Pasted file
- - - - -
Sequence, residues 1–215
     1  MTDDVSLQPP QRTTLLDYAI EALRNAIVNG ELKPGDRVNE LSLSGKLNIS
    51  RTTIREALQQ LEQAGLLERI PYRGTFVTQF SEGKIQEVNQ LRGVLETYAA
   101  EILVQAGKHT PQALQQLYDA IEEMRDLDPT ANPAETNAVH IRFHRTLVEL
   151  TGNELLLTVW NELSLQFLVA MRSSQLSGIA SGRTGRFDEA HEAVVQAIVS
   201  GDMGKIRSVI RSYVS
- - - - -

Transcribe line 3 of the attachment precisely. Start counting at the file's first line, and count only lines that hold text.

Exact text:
    51  RTTIREALQQ LEQAGLLERI PYRGTFVTQF SEGKIQEVNQ LRGVLETYAA